3

The talking happened before the arrival. What might be confusing to you is the fact that the arrived is in past perfect, while the talked is in the simple past. The fact there's a past perfect in the sentence means that the sentence is somehow based in the past. For instance, it's a narration and the events described are earlier than the point reached in ...


3

The past perfect is used for past-in-past; that is to say, things further back in time than the main time of the sentence. Thus, the report is saying that Trump vetoed a measure - simple past. Earlier than that, lawmakers passed the rejection resolution. Because the context is already past, you can use the past perfect to indicate something that was already ...


3

The difference is in how the speaker (writer) is choosing to structure the temporal relationships. In many contexts, there is more than one possible choice; sometimes some of the choices are ruled out by objective circumstances, or by other words the speaker is choosing to use. In this case, the choice of the present perfect (has introduced) would signify ...


3

Neither is correct. "I've lost" (I have lost) is the present perfect tense. It is not logically possible for you to simultaneously have lost and found your key, which makes the first example incorrect. Neither it is possible to lose your key in the present and then find it in the past, making the second example wrong. "Have lost" is a little different from,...


2

The second sentence describes an event in the past ("it was 8:30") and an earlier event related to that event; at that time (8:30) the fact that "my brother arrived" was already a past event. The usage of past perfect is a way of expressing the relative times. When you hear a sentence with past perfect you should get a subtle sense of that "already". (...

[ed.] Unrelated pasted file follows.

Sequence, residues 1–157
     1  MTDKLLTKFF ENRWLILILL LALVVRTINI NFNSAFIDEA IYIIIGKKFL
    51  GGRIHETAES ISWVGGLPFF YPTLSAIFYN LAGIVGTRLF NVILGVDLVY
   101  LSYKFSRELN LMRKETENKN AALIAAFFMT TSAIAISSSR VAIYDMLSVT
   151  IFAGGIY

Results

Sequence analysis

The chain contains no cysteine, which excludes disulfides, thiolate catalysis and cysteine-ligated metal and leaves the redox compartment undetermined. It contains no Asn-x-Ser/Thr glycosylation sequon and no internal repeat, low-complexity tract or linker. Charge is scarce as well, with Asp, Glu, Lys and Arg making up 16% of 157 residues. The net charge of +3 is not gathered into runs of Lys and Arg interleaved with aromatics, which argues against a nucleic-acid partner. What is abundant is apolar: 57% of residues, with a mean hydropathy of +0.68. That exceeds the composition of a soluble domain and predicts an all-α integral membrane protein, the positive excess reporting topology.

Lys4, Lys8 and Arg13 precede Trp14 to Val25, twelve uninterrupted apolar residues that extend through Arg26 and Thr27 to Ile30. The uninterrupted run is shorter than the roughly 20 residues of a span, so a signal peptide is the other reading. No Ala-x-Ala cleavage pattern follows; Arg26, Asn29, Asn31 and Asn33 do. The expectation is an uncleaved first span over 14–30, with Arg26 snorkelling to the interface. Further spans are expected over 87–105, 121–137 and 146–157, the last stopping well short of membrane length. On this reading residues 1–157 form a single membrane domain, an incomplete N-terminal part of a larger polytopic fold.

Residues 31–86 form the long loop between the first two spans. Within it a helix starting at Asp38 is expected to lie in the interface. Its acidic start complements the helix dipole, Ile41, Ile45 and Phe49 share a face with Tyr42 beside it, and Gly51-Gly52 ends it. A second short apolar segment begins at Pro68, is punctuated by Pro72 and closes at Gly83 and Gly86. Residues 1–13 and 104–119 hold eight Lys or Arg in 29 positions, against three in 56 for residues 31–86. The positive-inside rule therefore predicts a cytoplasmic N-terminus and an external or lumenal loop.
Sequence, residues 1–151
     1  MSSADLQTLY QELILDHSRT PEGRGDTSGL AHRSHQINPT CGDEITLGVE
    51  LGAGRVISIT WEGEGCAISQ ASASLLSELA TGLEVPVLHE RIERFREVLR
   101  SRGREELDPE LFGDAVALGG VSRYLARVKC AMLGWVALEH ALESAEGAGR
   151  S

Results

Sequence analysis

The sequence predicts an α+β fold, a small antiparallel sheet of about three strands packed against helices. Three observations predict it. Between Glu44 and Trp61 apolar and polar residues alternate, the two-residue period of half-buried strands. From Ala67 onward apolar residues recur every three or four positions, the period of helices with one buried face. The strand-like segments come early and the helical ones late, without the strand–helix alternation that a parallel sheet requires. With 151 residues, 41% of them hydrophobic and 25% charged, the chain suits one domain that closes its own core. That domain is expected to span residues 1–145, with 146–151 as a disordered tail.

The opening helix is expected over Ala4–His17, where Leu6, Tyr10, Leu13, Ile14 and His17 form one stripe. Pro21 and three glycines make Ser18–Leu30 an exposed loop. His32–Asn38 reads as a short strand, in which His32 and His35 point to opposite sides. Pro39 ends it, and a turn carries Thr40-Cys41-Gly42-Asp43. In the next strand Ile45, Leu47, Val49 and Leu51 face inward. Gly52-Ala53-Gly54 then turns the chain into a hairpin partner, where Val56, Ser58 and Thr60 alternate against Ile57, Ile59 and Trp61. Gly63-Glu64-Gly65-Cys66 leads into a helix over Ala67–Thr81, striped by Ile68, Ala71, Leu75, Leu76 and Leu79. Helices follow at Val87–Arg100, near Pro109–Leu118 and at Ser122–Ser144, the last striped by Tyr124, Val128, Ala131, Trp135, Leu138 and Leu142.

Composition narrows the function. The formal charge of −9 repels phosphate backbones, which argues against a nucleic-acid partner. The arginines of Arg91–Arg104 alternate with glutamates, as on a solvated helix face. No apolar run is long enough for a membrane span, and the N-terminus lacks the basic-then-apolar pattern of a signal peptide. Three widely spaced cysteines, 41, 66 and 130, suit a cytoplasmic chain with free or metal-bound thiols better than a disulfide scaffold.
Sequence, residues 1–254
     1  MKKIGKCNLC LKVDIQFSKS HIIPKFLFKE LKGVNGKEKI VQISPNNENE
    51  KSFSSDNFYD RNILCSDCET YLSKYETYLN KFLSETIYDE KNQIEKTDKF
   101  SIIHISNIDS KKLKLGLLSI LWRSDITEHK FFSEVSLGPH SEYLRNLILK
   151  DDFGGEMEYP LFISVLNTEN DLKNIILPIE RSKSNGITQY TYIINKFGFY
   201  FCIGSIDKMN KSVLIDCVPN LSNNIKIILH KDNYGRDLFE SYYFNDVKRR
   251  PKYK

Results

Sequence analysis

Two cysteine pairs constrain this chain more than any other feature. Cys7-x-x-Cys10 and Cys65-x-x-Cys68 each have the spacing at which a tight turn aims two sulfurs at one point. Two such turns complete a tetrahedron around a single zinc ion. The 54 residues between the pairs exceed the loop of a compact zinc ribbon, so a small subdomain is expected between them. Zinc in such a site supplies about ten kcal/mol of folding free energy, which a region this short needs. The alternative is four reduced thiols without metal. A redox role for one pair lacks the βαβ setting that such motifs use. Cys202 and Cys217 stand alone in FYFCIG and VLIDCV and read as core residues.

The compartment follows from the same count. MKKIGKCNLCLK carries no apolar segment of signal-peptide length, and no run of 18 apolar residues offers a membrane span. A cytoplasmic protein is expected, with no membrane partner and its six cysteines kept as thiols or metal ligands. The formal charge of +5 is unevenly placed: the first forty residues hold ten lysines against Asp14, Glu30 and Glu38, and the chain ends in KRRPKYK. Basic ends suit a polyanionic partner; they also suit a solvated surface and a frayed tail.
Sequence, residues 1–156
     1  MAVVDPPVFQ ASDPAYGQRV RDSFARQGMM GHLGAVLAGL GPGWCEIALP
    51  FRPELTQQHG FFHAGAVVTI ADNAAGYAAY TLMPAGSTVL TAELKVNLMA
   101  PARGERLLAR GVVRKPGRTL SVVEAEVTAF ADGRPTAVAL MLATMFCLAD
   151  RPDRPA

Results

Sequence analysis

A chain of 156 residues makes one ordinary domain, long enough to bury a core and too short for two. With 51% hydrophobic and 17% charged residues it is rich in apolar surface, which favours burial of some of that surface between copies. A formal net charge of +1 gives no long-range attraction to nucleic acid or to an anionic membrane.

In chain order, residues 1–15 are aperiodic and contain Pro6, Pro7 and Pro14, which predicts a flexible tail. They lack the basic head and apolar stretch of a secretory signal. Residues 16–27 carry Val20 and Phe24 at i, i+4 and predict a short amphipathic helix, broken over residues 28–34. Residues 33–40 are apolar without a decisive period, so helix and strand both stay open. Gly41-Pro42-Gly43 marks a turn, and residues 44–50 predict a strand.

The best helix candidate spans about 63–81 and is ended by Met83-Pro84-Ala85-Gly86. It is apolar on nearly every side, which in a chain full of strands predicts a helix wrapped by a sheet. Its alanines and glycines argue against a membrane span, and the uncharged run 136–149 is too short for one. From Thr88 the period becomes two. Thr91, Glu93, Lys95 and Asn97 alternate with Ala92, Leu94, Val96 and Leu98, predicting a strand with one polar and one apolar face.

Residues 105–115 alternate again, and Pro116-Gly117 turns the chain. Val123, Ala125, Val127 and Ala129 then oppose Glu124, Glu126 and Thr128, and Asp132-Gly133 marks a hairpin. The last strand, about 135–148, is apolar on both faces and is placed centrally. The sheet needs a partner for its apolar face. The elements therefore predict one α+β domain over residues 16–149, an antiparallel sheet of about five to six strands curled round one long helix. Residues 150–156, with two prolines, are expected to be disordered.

2

It is common to tell the story in novels in the past tense. When a story is narrated in the past tense, the past tense prose is equivalent to our present tense, as we follow the unfolding story. NOTE: In my previous revision, I tried to simplify the reason of the use of the past tense to "to depicts events in the story as something happened before the ...


2

The slight difference is in the "was" or "had" and the implication. If I say, "No one was killed," it's a clear message that no deaths occurred because of the event. It's stating that it did not happen. However, saying, "No one had been killed," can imply, depending on context, that we are speaking about that one instant and not for the instant after. To ...


2

The use of past perfect is the backshifting of the action taken before the time which the fragment is describing. It's backshifting of present perfect tense. I'll explain. Philip was under Hayward's influence prior to the Christmas Day. Under that influence, eventually, also prior to the Christmas Day, Philip's opinion (that the festivities were vulgar) ...


2

I think there's no point using the past perfect and the past perfect continuous in the sentence. You can rephrase it in the past simple as follows: Since the violin didn't fit his backpack, he carried (or was carrying) it on his shoulder the whole morning.


2

Simple past is the most appropriate tense here. This is because, in this case, you're just referring to something in the past: You sent your person. The office was closed. You don't need anything more complicated than that. Past perfect is used when we're referring to something that occurred before something else. For example, you might say, "Before my ...